The Rise and Rise of Streaming

Irving David | Media Law | Intellectual Property

The Rise and Rise of Streaming

written by Irving David Partner at DWFM Beckman Solicitors

Media & IP Lawyer

Until quite recently, if you wanted to listen to music or any other type of audio, you would download a digital audio file in a format such as MP3, WMA, AAC, OGG, or FLAC.

But now the question is: along with vinyl, the cassette and the CD, how much more of a future do digital downloads have? Because streaming is rapidly becoming the only game in town.

Streaming differs from downloads in that no copy of the music is saved to your hard drive. If you want to hear it again, you just stream it again, although some paid streaming music services permit you the option to do both—to stream and download.

When you use a streaming delivery method, there is no need to download a file. You can start listening to a song or piece of music immediately. An audio file is delivered in small “packets” so the data is buffered on your computer and played straight away.

So long as there is a steady stream of packets delivered to your computer, you will hear the sound without interruption.


Spotify is the biggest and most successful music streaming service of its kind globally. Since its launch in Sweden in 2008, it has distributed more than US$5bn in royalty income to rights holders

Now available in 60 markets globally with more than 100 million active users and over 50 million paying subscribers it gives its subscribers on-demand access to over 30 million tracks. Its mission is to make all the world’s music available instantly to everyone, wherever and whenever they are.

Spotify currently has more than 100 million monthly active users, of whom 50 million are paying subscribers. The company’s closest rival, Apple Music, has 20 million paying users; Tidal, fronted by the rapper, Jay Z, a little over 1 million. Amazon and Google are also players, with Facebook a likely entrant.

Spotify has direct deals in place with all the major labels. Additionally, a number of companies deliver independent labels’ music to Spotify and collect royalties on their behalf.


Of these companies, Merlin is at present pre-eminent, describing itself as being ”the global digital rights agency for the independent label sector” and it has been acknowledged as “the Independents’ Champion” at the A2IM Libera Awards for two years running.

Merlin, like Spotify, launched in 2008 and is often referred to as “the virtual fourth major”. Spotify has enabled Merlin’s member companies to successfully benefit from streaming services.

It offers, via a single global licence, access to music from thousands of independent record labels and distributors from more than 50 countries across the world.

Merlin’s member companies include Armada Music, Beggars Group, Domino, Entertainment One, Epitaph/Anti, Hopeless Records, Kobalt Music Recordings, Mad Decent, Naxos, [PIAS], Secretly Group, Sub Pop and Warp, representing many of the world’s most important and successful artists.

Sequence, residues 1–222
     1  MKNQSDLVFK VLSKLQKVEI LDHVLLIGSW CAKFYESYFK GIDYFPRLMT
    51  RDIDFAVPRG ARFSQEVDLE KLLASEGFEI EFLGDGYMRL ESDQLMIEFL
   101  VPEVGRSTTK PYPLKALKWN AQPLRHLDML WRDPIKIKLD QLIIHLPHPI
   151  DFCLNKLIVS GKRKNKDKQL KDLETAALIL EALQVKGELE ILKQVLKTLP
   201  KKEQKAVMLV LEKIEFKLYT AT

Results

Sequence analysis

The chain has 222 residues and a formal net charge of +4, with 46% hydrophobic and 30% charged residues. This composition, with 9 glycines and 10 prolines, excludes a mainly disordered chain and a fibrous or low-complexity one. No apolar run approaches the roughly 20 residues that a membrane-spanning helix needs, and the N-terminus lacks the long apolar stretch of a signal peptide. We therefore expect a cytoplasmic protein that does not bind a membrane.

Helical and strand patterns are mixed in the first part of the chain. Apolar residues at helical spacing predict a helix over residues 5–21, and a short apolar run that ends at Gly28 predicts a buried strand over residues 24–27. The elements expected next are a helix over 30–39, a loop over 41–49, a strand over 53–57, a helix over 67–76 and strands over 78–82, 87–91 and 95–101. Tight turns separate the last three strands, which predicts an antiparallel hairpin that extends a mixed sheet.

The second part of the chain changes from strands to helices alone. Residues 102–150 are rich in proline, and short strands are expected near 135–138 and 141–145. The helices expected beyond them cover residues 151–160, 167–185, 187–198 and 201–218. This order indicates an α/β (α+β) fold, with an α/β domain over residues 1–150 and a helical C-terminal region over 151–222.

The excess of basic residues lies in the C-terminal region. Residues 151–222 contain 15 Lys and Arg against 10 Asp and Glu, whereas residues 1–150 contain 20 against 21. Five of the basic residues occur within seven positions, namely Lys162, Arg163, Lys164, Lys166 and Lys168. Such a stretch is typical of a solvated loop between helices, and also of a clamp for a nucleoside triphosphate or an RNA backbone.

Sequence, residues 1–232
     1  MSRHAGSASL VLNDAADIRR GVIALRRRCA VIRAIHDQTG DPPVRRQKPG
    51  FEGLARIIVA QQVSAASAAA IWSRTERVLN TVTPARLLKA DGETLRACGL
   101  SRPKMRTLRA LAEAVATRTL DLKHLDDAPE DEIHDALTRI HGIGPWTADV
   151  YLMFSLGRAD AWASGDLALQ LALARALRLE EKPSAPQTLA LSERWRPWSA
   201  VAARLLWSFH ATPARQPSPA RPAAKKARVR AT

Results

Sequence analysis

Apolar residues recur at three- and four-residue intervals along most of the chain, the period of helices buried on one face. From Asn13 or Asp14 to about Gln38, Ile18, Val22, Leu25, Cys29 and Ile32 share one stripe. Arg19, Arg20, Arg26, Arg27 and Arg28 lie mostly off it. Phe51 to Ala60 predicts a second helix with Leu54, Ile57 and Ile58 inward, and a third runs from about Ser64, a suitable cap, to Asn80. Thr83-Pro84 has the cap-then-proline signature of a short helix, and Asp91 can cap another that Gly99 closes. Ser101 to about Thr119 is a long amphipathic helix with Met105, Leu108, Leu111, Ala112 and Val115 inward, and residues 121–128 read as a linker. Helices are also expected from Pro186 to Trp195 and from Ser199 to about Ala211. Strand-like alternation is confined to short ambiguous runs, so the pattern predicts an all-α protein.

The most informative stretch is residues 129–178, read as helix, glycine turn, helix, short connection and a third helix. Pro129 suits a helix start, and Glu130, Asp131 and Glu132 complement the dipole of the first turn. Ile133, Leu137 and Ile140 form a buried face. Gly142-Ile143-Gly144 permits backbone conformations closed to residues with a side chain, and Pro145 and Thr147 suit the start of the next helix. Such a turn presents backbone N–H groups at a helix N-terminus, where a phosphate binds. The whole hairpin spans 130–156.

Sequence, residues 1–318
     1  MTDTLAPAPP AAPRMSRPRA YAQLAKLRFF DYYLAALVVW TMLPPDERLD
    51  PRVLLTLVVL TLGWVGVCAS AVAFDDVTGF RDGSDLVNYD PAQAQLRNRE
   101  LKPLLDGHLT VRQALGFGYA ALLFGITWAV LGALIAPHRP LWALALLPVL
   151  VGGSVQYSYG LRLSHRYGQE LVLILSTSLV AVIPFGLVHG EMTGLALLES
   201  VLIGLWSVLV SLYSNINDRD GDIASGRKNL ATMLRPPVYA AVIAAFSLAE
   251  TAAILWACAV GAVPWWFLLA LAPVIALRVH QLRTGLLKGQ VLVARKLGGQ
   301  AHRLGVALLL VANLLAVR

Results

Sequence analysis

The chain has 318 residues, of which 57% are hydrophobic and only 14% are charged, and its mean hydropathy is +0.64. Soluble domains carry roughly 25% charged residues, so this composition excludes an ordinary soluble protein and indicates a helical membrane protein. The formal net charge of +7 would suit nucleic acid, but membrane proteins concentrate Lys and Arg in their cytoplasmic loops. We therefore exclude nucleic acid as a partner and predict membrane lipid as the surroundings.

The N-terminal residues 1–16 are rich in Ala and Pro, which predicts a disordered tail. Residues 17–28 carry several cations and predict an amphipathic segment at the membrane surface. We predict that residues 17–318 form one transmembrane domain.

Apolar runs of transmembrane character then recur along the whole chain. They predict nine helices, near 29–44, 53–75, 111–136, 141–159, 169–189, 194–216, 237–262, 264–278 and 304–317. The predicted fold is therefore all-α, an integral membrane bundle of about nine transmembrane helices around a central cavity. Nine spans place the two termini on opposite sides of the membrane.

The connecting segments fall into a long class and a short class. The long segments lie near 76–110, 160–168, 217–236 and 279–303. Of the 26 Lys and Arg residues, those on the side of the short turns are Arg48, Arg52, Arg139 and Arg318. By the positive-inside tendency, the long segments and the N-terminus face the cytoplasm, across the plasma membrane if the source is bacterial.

Merlin ensures these companies have effective access to new and emerging revenue streams and that their rights are appropriately valued and protected.

Apart from its agreement with Spotify, Merlin has also licensed other key digital services including SoundCloud, YouTube Red, Pandora, Google Play, Deezer, Vevo and KKBOX.

It has reached a number of high value copyright infringement settlements on behalf of its members with, amongst others, Limewire, XM Satellite Radio and Grooveshark.

AIM and A2IM

AIM (“the Association of Independent Music”) is a trade body based in the UK. Established in 1999, it provides a collective voice for the independent music industry.

AIM represents over 800 member companies, from the largest and most respected labels in the World, to small start-ups and individual artists releasing their own music for the first time. AIM promotes this diverse sector globally and provides a range of services to members, enabling member companies to grow, grasp new opportunities and break into new markets.

AIM member companies represent artists who have claimed six of the last ten Mercury Music Prizes and regularly account for 30% of all UK artist album awards (silver, gold, platinum).  Artists signed to member labels include Adele, Amadou and Miriam, Arctic Monkeys, Bon Iver, Bjork, Caro Emerald, Franz Ferdinand, Friendly Fires, Grimes, Netsky, Radiohead, Roots Manuva, Royksopp, The Prodigy, Queens of the Stone Age, The Strokes, The Walkmen and The White Stripes.

AIM’s US associated company is called A2IM (“the American Association of Independent Music”) and represents over 500 Independently-owned American record labels.

A2IM’s independent label members include music labels of all sizes and staffing levels across the United States, from Hawaii to Florida, representing musical genres as diverse as its membership, including Bluegrass, Blues, Children’s, Classical, Comedy, Country, Dance/electronic, Gospel, Folk, Hawaiian, Jazz, Hip-Hop, Latin, Metal, New Age, Pop, R&B, Reggae, Roots, Soca/Caribbean, Traditional American, World, and more.

As you will see from the above, “Independent” does not refer to a specific genre of music. Nor does it mean lesser-known artists.

For example, A2IM member labels have issued music releases by artists including Taylor Swift, Mumford & Sons, The Lumineers, Adele, Alabama Shakes, Arcade Fire, Run the Jewels, Bon Iver, and many others.

One of the benefits of joining AIM or A2IM is that they have negotiated reduced distribution fees with Spotify via Merlin. This can result in a valuable cost saving to any small independent label when collecting streaming income through Merlin.

For more information on this topic or on any other music industry related matters please contact Irving David in our Media and IP Department:

E: [email protected]

T: 020 7408 8888